Game 2 – June 5 (Sunday) at Golden State 8:00PM

Game 3 – June  8 (Wednesday) at Cleveland  9:00 PM

Game 4 –Fri  June 10 (Friday) at Cleveland 9:00PM

Game 5 * — Mon  June 13 (Monday) at Golden State 9:00PM

Game 6 *  — Thu  June 16 (Thursday) at Cleveland 9:00 PM

Game 7 * —  June 19 (Sunday) at Golden State 8:00 PM

* means if necessary

Joel Embiid tweets he’s ready to recruit Kevin Durant to Sixers

OKLAHOMA CITY, OK - MAY 28:  Kevin Durant #35 of the Oklahoma City Thunder reacts during the fourth quarter against the Golden State Warriors in game six of the Western Conference Finals during the 2016 NBA Playoffs at Chesapeake Energy Arena on May 28, 2016 in Oklahoma City, Oklahoma. NOTE TO USER: User expressly acknowledges and agrees that, by downloading and or using this photograph, User is consenting to the terms and conditions of the Getty Images License Agreement.  (Photo by Maddie Meyer/Getty Images)
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Joel Embiid has a great sense of humor.

I’m sure if Kevin Durant were going to consider going to Philadephia — instead his hometown Wizards, or the Knicks, Lakers, Heat, Warriors, or (the most likely option) staying put with the Thunder — he’d want to get the advice of a guy who has yet to play one NBA game.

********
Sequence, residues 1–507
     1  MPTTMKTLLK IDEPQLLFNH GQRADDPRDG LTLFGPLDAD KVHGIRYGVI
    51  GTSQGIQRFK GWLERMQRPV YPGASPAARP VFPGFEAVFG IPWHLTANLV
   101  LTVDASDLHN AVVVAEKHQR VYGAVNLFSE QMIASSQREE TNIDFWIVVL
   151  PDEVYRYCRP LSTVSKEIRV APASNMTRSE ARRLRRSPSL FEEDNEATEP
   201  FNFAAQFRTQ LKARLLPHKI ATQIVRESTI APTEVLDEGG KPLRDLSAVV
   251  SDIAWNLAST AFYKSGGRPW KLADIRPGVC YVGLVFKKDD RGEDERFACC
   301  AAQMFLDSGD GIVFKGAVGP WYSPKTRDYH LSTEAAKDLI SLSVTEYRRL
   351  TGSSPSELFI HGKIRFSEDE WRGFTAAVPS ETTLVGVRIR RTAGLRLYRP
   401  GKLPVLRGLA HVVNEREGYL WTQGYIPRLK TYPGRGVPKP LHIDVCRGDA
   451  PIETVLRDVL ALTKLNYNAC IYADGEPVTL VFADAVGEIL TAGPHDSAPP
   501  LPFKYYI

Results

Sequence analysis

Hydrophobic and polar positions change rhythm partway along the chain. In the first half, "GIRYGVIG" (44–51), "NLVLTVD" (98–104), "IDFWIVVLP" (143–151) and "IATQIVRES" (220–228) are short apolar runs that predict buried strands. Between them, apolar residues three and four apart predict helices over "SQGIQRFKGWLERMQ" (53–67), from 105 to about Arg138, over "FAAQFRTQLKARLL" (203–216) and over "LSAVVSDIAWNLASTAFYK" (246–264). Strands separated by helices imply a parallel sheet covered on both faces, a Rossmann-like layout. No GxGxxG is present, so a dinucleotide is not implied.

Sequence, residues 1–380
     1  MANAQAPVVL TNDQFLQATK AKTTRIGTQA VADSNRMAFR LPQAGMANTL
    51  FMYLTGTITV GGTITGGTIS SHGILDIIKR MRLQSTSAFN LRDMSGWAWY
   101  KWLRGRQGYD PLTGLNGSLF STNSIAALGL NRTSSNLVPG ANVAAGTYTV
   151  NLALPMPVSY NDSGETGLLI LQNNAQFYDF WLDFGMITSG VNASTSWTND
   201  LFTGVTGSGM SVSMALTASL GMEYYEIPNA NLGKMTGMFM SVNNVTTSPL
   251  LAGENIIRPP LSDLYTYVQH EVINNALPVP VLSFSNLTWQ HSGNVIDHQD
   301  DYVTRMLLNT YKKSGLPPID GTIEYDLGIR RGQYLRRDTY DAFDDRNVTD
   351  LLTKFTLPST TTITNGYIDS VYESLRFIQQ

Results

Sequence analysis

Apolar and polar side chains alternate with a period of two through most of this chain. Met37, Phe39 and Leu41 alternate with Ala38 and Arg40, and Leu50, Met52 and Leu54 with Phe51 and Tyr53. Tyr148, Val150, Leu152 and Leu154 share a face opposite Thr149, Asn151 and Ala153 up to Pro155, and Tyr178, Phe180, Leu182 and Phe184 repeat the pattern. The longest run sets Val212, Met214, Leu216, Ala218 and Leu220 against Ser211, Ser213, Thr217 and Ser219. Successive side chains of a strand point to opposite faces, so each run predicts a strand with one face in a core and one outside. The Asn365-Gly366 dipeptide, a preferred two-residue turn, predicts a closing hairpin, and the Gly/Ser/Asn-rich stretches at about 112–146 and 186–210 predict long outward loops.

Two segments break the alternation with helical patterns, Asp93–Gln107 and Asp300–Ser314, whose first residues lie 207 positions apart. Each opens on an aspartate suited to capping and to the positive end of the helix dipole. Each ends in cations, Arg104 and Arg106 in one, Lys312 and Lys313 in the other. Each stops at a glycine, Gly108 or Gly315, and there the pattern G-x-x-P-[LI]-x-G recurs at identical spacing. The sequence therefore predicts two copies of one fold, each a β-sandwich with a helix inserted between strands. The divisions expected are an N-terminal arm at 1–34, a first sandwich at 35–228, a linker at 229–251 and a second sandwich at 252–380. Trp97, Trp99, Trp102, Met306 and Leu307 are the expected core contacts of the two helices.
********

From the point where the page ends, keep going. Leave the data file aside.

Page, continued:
Not long after the Warriors eliminated the Thunder from the playoffs — making Durant a free agent — Embiid tweeted this.

Needless to say, KD is not going to go to the Sixers. GM Bryan Colangelo says the team is in the market for veterans, but this may be aiming a little too high.

Durant said after Game 7 he hasn’t thought about free agency yet.

The smart money remains on Durant signing a two-year deal with an opt-out after one year with the Thunder, keeping that roster together for a year so they can make one more run at a ring (you can’t get much closer than the Thunder did this season). Then in the summer of 2017 Durant, Russell Westbrook, Serge Ibaka, Steven Adams and Dion Waiters will all be free agents.

Maybe one of them goes to the Sixers then. But I wouldn’t bet on it.

Report: David Blatt near deal to coach Darussafaka in Turkish league